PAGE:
Some features exist in .NET Core, but with small changes in the API. Examples include the reflection API (changed for performance) and the encryption API (for better cross-platform support).
When moving to .NET core you also need your third party dependencies to support .NET core. Many popular libraries like StructureMap, Automapper, Mediatr, and JSON.net all have working versions for .NET core. MongoDB, as of this writing, just released a .NET Core driver. Oracle support for the Entity Framework, however, still has plans for .NET Core. If you rely on third party libraries, you’ll need those libraries to port to .NET Core, or find an alternative, or re-write your application to remove the dependency.
One tool you might find useful in analyzing your applications is the .NET Portability Analyzer. You can run the analyzer as a Visual Studio extension, or from the command line. With the analyzer you can select a target platform, like .NET Core, or ASP.NET Core, or a specific version of the full .NET framework, and the tool can tell you what problems you’ll face.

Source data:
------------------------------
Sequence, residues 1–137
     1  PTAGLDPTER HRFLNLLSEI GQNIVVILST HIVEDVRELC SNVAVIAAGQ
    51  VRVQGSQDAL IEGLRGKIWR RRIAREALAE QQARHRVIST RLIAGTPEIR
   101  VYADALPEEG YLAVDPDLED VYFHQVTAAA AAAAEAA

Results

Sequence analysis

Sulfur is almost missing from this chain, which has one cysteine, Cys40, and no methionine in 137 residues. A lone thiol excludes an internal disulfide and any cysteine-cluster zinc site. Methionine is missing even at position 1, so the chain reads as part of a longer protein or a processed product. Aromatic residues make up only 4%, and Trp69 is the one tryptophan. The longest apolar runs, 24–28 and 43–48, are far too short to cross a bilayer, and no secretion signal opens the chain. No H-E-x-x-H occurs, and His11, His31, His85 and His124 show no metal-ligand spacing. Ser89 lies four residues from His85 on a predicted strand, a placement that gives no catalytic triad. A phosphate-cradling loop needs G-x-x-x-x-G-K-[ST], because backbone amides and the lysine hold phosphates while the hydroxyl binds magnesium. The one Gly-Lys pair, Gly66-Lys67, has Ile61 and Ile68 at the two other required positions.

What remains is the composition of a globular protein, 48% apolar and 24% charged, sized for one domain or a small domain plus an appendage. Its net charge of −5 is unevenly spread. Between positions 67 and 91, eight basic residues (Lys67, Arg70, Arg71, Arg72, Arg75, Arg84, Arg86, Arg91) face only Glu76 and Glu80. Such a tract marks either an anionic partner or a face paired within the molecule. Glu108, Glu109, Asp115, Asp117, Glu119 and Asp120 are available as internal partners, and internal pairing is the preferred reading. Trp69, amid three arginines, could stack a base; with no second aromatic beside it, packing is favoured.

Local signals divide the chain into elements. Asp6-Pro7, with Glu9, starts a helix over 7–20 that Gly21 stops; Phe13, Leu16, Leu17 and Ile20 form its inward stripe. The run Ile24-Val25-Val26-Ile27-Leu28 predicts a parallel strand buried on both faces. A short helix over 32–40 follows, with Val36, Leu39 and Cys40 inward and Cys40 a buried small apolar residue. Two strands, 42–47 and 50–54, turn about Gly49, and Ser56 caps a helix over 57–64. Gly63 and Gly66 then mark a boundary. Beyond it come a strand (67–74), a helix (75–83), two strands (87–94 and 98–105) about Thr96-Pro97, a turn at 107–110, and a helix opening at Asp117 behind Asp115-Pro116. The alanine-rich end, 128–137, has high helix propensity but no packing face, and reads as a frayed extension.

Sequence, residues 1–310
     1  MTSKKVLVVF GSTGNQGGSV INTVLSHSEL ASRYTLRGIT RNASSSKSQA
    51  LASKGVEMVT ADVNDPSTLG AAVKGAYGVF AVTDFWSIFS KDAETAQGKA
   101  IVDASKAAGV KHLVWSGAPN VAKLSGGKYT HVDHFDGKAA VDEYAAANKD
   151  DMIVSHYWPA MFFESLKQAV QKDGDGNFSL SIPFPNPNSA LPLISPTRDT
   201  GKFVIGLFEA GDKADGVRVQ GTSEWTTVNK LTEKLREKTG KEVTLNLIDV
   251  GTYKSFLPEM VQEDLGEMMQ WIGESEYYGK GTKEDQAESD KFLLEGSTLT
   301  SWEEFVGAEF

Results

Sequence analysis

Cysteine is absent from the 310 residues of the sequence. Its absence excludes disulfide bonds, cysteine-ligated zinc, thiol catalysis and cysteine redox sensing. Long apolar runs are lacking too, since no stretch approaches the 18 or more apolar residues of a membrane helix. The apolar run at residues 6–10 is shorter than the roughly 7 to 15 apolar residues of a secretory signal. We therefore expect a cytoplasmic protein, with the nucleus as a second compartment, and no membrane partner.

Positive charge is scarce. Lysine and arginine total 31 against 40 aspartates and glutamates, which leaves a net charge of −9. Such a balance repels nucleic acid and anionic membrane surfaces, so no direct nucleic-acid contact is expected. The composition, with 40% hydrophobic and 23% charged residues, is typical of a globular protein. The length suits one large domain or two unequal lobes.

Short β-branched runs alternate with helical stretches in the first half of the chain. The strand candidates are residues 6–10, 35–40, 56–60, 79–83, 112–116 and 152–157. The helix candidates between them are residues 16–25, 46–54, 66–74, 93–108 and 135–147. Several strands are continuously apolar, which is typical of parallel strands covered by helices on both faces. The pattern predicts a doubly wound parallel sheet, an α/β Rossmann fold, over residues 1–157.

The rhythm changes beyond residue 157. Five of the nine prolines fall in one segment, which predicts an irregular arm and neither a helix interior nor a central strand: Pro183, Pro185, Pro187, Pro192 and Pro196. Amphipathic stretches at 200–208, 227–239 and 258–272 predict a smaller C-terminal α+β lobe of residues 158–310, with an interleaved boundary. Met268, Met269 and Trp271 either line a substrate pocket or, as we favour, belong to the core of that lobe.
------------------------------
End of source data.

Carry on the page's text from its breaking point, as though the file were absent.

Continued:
To summarize this part of the conversation, I think we are still a few years away from seeing .NET Core play a large role in the enterprise. We have a tremendous amount of legacy code that relies on WebForms and WCF services. There might not be enough of a return on investment to re-write or port these applications, at least not at this early stage in 2016.
However, it is clear that Microsoft’s future direction is in the Core space. Yes, the last update to the full .NET framework did include improvements for ASP.NET and WebForms, but clearly the future innovation and hard work will be in the new core frameworks like .NET core, ASP.NET Core, Entity Framework core, and whatever other cores come along in the future.
I do believe that now is a good time to start some planning and start prototyping. If you have requirements for new server-side applications, I’d push to try using .NET Core first, and fall back to the full framework if there is too much pain. Running ASP.NET Core on the full .NET framework will solve many problems with missing features and third party dependencies. Yes, running ASP.NET Core on the full framework does feel like a temporary solution to use in transition, but it is a step in the right direction, even if the solution feels messy. In the enterprise, we always have to deal with messy. Plus, the expertise an enterprise can gain in these early days will pay dividends in five years.
ASP.NET Core and the Enterprise Part 1: Frameworks (current)